Brookfield East boys basketball coach Andy Farley recently has been seen walking around school with a briefcase. Farley has to be careful with the briefcase, because if he drops in, he might break the mirrors and release the smoke inside.
You see, it's easy to get excited when you look at the Greater Metro Conference boys basketball standings so far this season.
I cover Brookfield and Wauwatosa, as most of you know, and there are Wauwatosa East and Brookfield Central sitting on top of the standings with 4-0 records. I know there is no sign of Santa Claus yet, so it's still early, but I always enjoy when my teams do well.
Granted, the Lancers are state-ranked and were picked to win the GMC and Wauwatosa East is undefeated despite the loss of their big man to a prep school on the West coast.
But if you want to know what really has my eyebrows raised and a big smile on my face, you have to look just a little bit more down the standings.
Sitting there in third place, one game out with a 3-1 record and a 5-2 overall record, is Brookfield East.
That's why Farley has to be careful with that briefcase - somehow he is doing it with smoke and mirrors because the Spartans are definitely an early-season surprise.
Every team loses talent to graduation, but Farley lost a power pack when C.J. Gregg and Darius Barnes graduated, both extremely talented, big men.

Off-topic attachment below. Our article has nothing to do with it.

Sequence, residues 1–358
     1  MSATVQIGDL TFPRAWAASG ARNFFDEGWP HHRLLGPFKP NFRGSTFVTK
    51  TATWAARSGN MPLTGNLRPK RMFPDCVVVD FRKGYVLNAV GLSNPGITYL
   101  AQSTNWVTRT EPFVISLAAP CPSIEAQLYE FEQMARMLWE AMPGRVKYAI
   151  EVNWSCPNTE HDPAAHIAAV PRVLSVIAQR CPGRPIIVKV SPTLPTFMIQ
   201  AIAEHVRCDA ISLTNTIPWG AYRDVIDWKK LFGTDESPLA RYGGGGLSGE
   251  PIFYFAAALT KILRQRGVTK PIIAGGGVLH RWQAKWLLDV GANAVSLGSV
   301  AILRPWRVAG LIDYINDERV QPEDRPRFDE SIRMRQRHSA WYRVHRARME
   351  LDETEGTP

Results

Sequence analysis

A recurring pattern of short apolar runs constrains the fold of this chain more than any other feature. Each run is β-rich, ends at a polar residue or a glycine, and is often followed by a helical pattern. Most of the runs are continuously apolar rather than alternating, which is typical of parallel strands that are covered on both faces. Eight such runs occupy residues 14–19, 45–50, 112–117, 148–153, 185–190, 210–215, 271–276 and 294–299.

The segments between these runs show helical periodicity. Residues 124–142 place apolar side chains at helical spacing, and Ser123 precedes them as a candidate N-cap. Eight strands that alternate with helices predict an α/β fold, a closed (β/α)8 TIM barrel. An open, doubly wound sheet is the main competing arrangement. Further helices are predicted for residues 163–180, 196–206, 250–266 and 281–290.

That basically left the cupboards almost bare, although not completely.
Farley has turned to junior returning letter winners Ryan McBride, Brian Smith and Nick Kanavas - and they have responded big time.
Smith got the Spartans out to a fast start with 15 points in a 64-61 win at Franklin to start the season, and then followed up with a team-leading 11 points in a 55-40 rout of Greendale at home.
Then came the big shocker as the Spartans blew away JP Tokoto and the Indians, 73-52, at Menomonee Falls, and Smith scored 21 points in the process.
After two low-scoring games (six, four points) in losses to Tosa East (50-36) and New Berlin Eisenhower (55-49), the 6-foot-4 wing has scored 12 and 13 points in GMC wins at Sussex Hamilton (48-47) and against West Allis Hale (51-44) at home.
Kanavas, a 6-1 guard, got some key minutes last season, and he has been solid for the Spartans, averaging 7.1 points per game. He stepped up big time in the win over Falls with 15 points and had 11 against unbeaten Eisenhower.
McBride a linchpin
But perhaps the glue to this Spartans team is 6-1 point guard McBride, who seems to do whatever is needed every game.
McBride is averaging 9.1 points, being steady with eight, nine, seven, 11, seven, nine and 13. He topped the team in scoring in the loss to Tosa East (11) and shared the team lead with Smith in the win over Hale (13).
His finest moment this year came in the one-point win at Sussex Hamilton, when he drove the lane and took the ball right to the basket for the game-winning bucket with two seconds left to play.
McBride's job is to run the show - be an extension of Farley - on the court. He does that and more, especially in the clutch, hitting 76 percent from the free-throw line.
Team finds its stride
But the Spartans have had help from several faces this year: Mike Novak, Billy Dietz, Mike Eberle, Jonathan McGinley, Jake Wiesmueller and Steven Tongas have all played a part in the early-season success.
Novak, a 6-foot-5 junior forward, is actually second to Smith in scoring (10.3). Dietz, a 6-2 senior guard, averages 6.0 points. Juniors Eberle, Wiesmueller and Tongas have all had their moments.
Yes it's early, but Farley should get credit for putting this team on the winning side of the W-L column. Nothing breeds success for an inexperienced team like winning.
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